Emory University's “mystery somnogen”
Emory University’s discovery of a “mystery somnogen” that they believe causes a sub group of IH sufferers to feel like they are being
constantly sedated and the drugs they have found reverse this affect.
In 2007 Kathy Parker, then an Emory University School of Nursing faculty member and one of only a handful of nurses in the United States board-certified in sleep medicine and Andrew Jenkins, an Emory molecular pharmacologist, anesthesiologist and GABA expert along with Dr David Rye a clinician scientist and professor in neurology at Emory set about finding out what caused the disabling hypersomnolence in one of their patients, Anna Sumner. In May 2007, they gave her a spinal tap, an invasive procedure that collects cerebrospinal fluid (CSF), the clear substance that’s produced in the middle of the brain and flows down the spinal cord. They found it contained a high level of a substance that, like benzodiazepines (the active ingredients in drugs such as Valium & Xanax) activates the chemical messenger GABA. This neurotransmitter acts as a shutdown switch in the brain, dialing down consciousness so we can sleep.
The results of their tests suggested Anna’s brain was putting itself to sleep by producing its own private reserve of chemical anesthetic, which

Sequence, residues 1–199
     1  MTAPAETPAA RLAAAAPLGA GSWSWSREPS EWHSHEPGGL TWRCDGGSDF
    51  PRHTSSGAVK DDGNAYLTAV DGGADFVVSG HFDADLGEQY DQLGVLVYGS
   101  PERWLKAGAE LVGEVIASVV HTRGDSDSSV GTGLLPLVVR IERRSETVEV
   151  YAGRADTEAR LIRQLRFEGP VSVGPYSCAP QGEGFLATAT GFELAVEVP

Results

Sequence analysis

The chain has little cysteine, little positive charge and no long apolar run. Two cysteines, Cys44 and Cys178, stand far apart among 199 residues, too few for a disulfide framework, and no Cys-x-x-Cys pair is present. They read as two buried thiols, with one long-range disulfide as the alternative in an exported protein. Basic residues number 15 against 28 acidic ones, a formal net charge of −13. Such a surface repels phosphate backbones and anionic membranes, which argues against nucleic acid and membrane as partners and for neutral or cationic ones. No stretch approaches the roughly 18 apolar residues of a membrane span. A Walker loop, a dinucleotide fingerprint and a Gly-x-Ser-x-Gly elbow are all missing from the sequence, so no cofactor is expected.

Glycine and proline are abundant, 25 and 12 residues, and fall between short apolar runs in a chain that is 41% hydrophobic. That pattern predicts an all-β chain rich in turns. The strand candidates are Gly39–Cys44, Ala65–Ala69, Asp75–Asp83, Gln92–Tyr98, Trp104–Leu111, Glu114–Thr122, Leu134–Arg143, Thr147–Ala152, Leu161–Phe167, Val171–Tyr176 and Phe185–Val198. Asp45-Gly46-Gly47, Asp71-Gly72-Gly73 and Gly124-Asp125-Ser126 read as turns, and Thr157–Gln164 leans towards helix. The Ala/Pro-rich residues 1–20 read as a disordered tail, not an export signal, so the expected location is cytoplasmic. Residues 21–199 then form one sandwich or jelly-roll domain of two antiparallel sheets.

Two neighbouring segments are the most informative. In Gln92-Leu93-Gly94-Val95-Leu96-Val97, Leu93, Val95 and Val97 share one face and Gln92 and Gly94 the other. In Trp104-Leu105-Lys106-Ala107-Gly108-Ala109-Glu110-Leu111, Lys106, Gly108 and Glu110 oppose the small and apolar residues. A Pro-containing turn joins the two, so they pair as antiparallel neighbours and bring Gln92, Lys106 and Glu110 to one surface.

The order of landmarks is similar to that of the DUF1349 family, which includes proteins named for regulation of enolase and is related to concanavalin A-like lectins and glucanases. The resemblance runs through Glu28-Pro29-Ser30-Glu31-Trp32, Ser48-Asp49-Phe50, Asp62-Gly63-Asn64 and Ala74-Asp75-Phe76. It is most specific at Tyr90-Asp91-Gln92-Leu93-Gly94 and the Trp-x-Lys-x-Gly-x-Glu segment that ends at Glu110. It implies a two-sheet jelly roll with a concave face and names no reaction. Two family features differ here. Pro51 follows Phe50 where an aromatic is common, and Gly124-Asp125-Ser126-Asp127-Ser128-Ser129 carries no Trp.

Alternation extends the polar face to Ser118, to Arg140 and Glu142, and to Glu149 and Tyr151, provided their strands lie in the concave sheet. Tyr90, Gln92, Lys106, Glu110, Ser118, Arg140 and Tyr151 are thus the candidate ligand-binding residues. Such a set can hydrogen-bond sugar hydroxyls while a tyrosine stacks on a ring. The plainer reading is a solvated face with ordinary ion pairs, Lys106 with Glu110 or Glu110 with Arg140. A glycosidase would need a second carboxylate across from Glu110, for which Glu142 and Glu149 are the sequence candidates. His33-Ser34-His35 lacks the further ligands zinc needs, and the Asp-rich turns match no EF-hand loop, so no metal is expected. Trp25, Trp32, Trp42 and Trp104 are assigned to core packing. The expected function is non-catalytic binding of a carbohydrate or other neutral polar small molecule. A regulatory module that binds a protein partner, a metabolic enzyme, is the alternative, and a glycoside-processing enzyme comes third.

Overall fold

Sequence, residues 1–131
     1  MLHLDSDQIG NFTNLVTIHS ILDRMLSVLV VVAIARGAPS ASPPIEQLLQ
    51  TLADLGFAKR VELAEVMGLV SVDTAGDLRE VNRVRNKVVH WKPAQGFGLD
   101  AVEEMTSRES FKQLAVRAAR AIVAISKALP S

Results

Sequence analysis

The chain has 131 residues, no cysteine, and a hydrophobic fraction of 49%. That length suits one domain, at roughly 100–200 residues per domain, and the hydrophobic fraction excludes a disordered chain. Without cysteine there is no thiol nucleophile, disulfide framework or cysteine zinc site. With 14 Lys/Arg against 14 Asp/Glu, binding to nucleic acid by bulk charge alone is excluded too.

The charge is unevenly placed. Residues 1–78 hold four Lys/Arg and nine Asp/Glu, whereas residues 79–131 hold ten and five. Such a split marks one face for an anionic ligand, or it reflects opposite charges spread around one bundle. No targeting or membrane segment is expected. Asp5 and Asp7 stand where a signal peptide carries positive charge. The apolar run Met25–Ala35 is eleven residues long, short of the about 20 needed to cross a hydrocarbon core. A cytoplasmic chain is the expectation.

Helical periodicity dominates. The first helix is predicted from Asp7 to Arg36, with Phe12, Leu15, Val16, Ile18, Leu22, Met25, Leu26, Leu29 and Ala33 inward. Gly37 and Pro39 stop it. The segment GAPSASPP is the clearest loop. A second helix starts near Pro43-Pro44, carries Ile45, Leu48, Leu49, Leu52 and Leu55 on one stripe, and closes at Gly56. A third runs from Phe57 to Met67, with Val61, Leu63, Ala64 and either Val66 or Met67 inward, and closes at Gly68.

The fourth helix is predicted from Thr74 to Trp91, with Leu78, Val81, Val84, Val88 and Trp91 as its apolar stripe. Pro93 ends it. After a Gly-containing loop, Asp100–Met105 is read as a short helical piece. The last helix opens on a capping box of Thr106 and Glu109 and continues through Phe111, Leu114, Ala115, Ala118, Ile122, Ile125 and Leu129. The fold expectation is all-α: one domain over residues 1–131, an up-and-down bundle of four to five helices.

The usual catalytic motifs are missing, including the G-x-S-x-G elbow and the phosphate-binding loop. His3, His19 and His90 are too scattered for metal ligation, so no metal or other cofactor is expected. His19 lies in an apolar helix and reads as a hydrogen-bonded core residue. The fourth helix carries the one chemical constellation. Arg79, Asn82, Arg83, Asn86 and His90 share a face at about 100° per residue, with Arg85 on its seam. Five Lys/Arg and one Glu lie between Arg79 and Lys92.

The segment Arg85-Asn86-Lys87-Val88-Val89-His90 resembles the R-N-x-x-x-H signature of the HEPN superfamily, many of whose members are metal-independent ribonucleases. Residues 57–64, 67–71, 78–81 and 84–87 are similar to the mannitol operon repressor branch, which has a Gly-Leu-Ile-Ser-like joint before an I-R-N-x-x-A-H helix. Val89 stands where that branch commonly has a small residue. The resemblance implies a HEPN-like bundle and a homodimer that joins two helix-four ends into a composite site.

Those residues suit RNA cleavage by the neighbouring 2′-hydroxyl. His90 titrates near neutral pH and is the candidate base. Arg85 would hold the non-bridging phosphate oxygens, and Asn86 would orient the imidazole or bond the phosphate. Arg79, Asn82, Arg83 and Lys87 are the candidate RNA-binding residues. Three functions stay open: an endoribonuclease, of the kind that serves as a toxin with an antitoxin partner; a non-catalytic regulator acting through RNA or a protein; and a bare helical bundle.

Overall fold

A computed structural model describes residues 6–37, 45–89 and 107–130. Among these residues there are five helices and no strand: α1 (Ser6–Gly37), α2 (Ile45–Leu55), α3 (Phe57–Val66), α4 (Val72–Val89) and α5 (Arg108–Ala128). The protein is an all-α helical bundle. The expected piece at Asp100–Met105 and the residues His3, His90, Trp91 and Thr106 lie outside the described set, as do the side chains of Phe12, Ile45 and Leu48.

amplified GABA’s effects (ie: rather than producing too much GABA the problem was that Anna was hypersensitive to it). The outcome was comparable to sedating doses of Versed, a benzodiazepine drug commonly used during extraction of a wisdom tooth or
a colonoscopy. Dr Jenkins joked with Anna that if another woman were carrying around the same amount of GABA-activating sedative, she could practically be operated on.
The problem was that the current medications such as stimulants and wake promoting drugs were not effective. Dr Jenkins described it as like flooring the gas pedal in a car with the park brake engaged. Such a strategy might bring physical alertness — as evidenced by typical symptoms like twitchiness and high blood pressure caused by these medications — but a disabling mental dullness lingered. Eventually the medications became completely ineffective and Anna was back to sleeping ridiculously long hours.
Recent research by Emory has found in a test tube model of the disease, that the drugs flumazenil and Clarithromycin do in fact return the function of the GABA system to normal. Flumazenil is usually used in cases of overdose of benzodiazepines, a widely used class of anesthetics and sedatives such as diazepam (Valium) and zolpidem (Ambien). It is also used to reverse the effects anesthesia. Clarithromycin is an ordinary antibiotic. They have not explained why this particular antibiotic has been found to reverse the effects of the sedation found in some patients with IH however it is important to note that the positive effect of clarithromycin is secondary to a benzodiazepine antagonist-like effect, not its antibiotic effects, and treatment must be maintained.
"The real question now is, is this biological agent unique to the types of hypersomnia we studied, or might it also be a factor in other known types of narcolepsy that we didn’t look at? Or might it be part of a general-purpose pathway
to sleepiness, common to all human brains?"